Instead of paying $999 for a highly customized system that's dependent on someone else's server (i.e., the cloud), and then hacking it to get to the point where it almost does what you want, why not buy a general purpose laptop like a MacBook Air, Surface Pro, or an XPS 13?

You can even get the XPS 13 with Ubuntu pre-installed.

If you want a lightweight, Google ecosystem friendly tablet with a keyboard, get a PixelBook.

If you want a development machine, get a development friendly machine.



Actually, it's not. I've been using a Chromebook for development work since the first one, the CR-48. Though I started to use a Chromebook exclusively when Google released their first Pixel. In which I later bought the Pixel 2 and now the new PixelBook. Again, all of which were used exclusively for programming.

Collabration, I don't care how good you think you've setup your IDE on Windows to handle collabration, current cloud IDE solutions are 10x better. CodeEnvy for example has redefined the way we develop applications, so much so that going back to a Windows solution would be like using a computer from the 90's to edit 4K videos.

Instead of installing a Chroot, I simply compiled my own builds of Chrome OS with every Linux CLI application that I needed i.e., a LAMP server, Python, Ruby, Perl, Tomcat, Java, virtual machine, Citrix, you name it, I most likely compiled it into my build. IDE, I either used NetBeans by streaming it through a service, though most of the time I use the utterly fantastic CodeEnvy cloud IDE with Eclipse CHI running under Termux. Chi creates a Docker for a local devlepment server for CodeEnvy, AWESOME!!!!!!!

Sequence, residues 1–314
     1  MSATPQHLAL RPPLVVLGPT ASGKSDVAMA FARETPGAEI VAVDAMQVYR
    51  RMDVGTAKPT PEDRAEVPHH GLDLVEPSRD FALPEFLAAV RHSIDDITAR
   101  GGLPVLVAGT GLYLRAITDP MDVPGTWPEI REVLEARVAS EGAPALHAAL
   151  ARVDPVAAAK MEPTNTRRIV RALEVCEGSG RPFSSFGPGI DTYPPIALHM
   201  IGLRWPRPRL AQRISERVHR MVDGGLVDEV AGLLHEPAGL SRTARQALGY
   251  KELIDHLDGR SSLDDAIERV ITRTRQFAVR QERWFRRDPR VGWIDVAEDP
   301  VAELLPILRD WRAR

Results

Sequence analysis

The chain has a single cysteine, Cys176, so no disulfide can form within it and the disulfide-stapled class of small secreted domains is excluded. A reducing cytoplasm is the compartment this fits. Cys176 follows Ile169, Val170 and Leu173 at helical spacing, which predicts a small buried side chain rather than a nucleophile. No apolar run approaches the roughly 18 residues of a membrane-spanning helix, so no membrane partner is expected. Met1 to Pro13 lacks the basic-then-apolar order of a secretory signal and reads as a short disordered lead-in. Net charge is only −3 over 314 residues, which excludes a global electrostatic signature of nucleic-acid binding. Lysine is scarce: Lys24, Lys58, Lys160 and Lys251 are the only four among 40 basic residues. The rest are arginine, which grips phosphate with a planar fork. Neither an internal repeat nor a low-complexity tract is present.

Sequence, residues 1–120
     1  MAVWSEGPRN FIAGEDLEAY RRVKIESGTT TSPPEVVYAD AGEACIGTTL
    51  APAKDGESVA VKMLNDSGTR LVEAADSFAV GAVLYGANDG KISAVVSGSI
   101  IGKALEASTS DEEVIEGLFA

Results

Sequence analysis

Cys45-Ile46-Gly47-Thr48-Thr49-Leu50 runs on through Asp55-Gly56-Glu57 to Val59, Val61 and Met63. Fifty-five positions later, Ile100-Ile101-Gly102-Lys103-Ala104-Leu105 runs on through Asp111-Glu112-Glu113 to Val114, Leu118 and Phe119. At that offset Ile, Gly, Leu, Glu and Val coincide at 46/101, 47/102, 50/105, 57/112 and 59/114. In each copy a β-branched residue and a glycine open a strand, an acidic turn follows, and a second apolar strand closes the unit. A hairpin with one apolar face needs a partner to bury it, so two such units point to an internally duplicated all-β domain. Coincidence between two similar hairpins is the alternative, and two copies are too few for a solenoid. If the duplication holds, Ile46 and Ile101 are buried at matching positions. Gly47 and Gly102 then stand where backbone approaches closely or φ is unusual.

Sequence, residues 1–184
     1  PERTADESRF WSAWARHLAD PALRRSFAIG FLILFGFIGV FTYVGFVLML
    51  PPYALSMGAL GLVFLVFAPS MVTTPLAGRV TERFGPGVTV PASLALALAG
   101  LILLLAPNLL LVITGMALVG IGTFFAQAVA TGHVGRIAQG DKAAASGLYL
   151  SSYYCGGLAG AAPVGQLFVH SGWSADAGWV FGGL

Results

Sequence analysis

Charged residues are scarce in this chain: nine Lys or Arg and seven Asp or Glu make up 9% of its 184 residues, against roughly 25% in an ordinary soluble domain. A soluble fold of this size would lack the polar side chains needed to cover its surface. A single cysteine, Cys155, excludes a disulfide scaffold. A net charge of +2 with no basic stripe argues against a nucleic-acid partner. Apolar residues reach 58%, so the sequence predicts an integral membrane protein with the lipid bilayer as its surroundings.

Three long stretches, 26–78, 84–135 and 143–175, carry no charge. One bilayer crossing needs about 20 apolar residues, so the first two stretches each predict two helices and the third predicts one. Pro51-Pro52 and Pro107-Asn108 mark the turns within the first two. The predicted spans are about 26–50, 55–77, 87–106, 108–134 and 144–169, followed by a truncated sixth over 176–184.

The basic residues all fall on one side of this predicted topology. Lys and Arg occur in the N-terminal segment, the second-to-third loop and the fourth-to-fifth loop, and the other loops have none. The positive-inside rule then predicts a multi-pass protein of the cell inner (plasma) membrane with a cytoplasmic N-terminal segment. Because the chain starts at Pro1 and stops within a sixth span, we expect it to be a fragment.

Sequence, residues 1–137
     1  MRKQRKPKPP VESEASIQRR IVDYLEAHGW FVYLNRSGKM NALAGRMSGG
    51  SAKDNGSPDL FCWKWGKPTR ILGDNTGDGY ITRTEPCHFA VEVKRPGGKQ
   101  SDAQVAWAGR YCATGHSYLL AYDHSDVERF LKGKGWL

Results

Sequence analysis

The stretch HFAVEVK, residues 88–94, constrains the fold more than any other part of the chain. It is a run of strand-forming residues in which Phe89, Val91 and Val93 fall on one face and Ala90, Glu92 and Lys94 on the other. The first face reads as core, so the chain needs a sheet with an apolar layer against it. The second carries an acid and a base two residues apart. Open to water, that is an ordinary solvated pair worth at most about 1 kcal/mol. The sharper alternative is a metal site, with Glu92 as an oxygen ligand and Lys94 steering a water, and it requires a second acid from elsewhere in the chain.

https://www.eclipse.org/che/

Well, that is until the Pixelbook as I went all in with a cloud solution as it's now completely feasible to do so. Desktop applications, no problem, I simply stream them using the utterly fantastic service, http://rollapp.com, which houses pretty much every Linux desktop GUI application there is , i.e., Blender, Android DEV, LibreOffice, etc. When I need Windows applications, I either stream them from a service similar to rollapp, which allows me to lease the apps I want to use or I use Citrix, both at home and at work.
As we are issued dumb terminals at work anyway, using a Chromebook was a huge step up, in fact it was my firm that paid for mine and many others.

At home I also have a Citrix application server, if I need Photoshop, well, I just call it up. I use a Intel NUC Skull edition with and i7, 32GB of RAM, 2TB Samsung 960 M.2 with an external GPU when I need to encode or render.

Those that think the Chromebook isn't a decent platform for such things as programming or other development work is, well and excuse me for saying this, really do not know what they're talking about. I mean you can even play games on it, I have RetroArch installed that allows me to play all of my favorite games from the past. I even have replica game controllers for all of the different emulators. Use it as a TV set box with Kodi.

The list of the things are endless, though it depends heavily on the user. So if you actually know how to use Chrome OS to it's fullest, the ChromeBook is one of the best computers out there, secure fast, simple, background updates, etc.

Basically it makes Windows look like a bloated mess,

Edited 2017-11-17 23:31 UTC

Reply Score: 2

RE[4]: This... is wrong tool
by grat on Sat 18th Nov 2017 06:51 UTC in reply to "RE[3]: This... is wrong tool"
grat Member since:
2006-02-02

Why do you keep saying "Windows"? ;)

Reply Score: 4

RE[5]: This... is wrong tool
by calden on Sat 18th Nov 2017 21:41 UTC in reply to "RE[4]: This... is wrong tool"
calden Member since:
2012-02-02